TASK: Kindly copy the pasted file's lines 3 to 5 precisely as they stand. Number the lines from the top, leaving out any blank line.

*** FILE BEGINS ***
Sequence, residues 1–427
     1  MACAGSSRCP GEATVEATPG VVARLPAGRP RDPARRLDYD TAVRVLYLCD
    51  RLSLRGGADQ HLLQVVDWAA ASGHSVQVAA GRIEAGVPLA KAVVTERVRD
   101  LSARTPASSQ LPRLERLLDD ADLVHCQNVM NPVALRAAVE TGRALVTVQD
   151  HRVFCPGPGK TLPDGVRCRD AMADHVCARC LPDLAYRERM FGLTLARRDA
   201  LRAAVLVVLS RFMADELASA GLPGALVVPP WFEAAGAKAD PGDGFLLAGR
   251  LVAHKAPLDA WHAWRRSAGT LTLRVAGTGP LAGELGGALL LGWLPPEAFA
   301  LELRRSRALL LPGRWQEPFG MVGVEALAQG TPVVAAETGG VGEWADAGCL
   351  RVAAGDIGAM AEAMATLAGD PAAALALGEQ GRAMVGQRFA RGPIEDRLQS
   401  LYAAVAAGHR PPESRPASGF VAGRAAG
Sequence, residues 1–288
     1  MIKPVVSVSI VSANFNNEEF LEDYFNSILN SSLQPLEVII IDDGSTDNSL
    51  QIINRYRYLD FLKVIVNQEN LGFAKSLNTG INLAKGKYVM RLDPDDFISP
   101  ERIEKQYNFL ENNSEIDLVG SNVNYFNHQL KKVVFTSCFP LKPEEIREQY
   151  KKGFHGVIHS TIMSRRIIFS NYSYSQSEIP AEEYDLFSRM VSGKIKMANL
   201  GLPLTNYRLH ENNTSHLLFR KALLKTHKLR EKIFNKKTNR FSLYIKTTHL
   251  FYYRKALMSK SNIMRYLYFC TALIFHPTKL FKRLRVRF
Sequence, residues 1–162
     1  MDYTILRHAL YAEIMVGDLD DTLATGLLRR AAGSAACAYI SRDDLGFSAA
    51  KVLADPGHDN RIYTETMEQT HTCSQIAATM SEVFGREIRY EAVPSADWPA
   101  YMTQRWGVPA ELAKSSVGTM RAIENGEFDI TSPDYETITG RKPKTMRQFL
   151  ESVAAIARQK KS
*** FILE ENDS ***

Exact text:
    51  RLSLRGGADQ HLLQVVDWAA ASGHSVQVAA GRIEAGVPLA KAVVTERVRD
   101  LSARTPASSQ LPRLERLLDD ADLVHCQNVM NPVALRAAVE TGRALVTVQD
   151  HRVFCPGPGK TLPDGVRCRD AMADHVCARC LPDLAYRERM FGLTLARRDA